The North Sea Transition Deal has undoubtedly injected fresh impetus into the process of creating a lower carbon future as it committed to early emission reduction targets. Allied to a burgeoning efficiency-focused decommissioning market, it creates a backdrop against which service companies can move beyond the status of product providers and instead become partners in the pursuit of strategic goals.
The deal is the first of its kind by any G7 country and may well shape the strategic approach taken in other energy regions. As the transition philosophy increasingly takes hold internationally, technologies and techniques that support its goals are going to follow the same trail. That presents a new opportunity—an incentive—for supply chain companies. It certainly reflects the mindset at OSSO, where the company is taking a more holistic view of its contribution to decarbonization and thereby looking to grow its activities in markets around the world.
The same project mentioned above illustrates how such an approach can directly help operators pursue their environmental goals.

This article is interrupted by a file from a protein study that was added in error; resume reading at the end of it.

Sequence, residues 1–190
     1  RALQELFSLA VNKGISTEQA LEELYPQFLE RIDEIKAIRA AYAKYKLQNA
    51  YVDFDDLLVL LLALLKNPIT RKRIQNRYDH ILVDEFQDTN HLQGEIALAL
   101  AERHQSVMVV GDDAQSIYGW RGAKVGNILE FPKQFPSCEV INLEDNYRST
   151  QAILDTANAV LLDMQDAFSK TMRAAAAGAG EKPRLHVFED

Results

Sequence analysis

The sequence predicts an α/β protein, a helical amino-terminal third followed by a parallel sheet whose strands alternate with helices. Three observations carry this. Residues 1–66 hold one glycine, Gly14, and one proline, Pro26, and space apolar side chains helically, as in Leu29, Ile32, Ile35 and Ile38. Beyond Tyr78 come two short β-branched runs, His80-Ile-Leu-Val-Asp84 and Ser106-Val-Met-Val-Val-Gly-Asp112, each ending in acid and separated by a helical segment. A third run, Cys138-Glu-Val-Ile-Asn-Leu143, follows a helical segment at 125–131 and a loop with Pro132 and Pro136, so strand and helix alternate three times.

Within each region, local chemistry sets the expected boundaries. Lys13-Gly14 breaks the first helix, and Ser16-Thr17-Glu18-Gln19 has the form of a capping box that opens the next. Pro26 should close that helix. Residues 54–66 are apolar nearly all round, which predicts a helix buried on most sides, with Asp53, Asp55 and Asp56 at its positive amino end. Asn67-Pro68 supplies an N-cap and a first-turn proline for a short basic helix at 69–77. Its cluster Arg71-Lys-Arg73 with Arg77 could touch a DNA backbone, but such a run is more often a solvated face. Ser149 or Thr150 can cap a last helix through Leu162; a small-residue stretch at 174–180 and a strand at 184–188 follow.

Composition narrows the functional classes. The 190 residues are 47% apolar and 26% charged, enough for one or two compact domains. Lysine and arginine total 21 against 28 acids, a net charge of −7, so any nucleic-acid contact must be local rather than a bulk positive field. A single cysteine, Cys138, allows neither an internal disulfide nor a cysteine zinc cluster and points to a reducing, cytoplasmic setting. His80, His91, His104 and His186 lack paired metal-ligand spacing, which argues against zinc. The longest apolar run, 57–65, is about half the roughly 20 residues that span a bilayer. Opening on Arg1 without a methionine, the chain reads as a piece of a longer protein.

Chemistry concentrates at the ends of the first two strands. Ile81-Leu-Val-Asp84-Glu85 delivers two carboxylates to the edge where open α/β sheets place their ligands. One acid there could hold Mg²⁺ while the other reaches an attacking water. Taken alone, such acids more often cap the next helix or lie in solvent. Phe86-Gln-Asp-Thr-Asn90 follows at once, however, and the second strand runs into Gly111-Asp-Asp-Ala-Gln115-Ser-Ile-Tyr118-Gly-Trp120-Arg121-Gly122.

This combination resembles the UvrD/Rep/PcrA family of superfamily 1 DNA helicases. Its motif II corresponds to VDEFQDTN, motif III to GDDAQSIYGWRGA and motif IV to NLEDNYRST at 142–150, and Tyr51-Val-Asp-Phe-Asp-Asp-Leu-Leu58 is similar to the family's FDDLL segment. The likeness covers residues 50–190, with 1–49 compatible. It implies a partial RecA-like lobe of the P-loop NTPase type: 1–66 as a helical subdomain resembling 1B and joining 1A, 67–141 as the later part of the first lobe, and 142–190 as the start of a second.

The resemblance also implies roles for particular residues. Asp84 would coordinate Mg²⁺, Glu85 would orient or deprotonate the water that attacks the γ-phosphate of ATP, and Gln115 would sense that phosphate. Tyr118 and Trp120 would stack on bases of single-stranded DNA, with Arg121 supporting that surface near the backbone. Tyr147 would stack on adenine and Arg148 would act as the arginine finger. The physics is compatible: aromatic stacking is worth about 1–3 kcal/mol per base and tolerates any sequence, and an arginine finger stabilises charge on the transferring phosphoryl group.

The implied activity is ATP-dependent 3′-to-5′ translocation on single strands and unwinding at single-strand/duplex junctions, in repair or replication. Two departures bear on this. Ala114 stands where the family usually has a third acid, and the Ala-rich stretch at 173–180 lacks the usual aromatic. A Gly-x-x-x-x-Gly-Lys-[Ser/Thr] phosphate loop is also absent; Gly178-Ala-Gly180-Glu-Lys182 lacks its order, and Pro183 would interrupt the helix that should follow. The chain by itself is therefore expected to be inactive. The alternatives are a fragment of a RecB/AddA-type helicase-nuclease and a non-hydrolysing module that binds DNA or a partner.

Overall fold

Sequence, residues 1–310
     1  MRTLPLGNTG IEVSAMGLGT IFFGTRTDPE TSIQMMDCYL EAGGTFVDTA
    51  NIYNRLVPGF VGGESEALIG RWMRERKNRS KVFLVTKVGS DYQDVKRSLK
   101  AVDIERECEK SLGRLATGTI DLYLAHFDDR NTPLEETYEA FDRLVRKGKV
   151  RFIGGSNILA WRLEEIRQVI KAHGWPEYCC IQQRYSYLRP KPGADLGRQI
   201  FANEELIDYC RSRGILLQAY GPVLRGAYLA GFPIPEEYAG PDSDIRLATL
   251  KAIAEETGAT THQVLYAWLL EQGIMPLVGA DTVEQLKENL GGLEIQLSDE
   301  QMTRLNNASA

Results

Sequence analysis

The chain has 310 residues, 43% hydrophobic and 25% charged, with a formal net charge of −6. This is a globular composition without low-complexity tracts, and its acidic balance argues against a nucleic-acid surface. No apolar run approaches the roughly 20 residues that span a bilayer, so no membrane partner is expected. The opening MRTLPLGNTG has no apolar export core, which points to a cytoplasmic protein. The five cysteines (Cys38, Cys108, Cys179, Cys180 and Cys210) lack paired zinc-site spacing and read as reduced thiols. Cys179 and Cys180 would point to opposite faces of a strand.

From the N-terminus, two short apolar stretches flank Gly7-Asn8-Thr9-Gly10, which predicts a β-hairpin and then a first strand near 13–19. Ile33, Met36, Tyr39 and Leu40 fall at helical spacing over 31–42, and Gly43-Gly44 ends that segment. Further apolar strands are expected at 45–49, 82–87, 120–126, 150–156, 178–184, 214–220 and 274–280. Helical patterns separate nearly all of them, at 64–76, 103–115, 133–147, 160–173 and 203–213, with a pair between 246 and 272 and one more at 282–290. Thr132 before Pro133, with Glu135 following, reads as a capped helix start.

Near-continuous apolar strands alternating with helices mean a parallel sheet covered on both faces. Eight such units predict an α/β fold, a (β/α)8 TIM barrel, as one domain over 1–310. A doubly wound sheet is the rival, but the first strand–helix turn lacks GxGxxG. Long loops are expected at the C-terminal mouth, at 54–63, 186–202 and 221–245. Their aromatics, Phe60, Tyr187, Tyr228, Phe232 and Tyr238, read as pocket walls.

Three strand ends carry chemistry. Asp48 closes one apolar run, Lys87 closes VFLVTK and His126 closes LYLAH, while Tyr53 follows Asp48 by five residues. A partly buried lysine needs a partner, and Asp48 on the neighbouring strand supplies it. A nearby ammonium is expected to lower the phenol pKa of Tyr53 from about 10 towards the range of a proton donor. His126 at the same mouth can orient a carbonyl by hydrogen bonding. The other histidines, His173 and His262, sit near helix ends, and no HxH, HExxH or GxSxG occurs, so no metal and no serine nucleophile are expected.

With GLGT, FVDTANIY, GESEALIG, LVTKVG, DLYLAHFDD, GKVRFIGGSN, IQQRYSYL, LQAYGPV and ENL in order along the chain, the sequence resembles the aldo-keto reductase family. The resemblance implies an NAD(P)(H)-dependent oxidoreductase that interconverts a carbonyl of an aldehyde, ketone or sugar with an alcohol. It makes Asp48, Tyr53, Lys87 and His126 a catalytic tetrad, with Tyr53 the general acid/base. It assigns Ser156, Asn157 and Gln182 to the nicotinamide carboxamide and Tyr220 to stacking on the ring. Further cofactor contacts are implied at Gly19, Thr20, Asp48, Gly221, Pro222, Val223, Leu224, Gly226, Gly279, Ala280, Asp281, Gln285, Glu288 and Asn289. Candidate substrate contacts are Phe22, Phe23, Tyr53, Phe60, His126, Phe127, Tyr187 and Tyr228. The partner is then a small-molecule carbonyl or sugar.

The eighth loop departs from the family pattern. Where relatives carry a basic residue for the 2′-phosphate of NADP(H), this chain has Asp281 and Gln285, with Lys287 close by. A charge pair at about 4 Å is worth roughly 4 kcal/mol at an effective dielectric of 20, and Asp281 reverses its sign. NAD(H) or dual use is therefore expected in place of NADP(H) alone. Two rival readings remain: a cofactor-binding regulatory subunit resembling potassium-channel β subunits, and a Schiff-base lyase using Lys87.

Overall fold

Cost considerations aside—and such assessments also need to factor in onshore disposal costs of up to £150 per tonne—many of the above statistics serve to illustrate the carbon footprint gain for the operator and showcase how at-source treatment can eliminate the potential environmental risks posed by multiple movements of waste materials.
It is one instance of how economic, efficiency and environmental priorities come into play in this specialist arena. Whereas the first two of those principles might have previously driven the deployment of such solutions—and of course, still do so to a great extent as operators look to optimize commercial performance in tough operating conditions—executives are rightly looking for ways to minimize their environmental impact and reduce their exposure to risks.
Treating fluid waste streams at the source is just one of myriad ways the industry can collectively work to minimize the environmental impact of offshore activity, while still pursuing commercial objectives. The three Es neatly summarize the extent to which it can make a tangible contribution.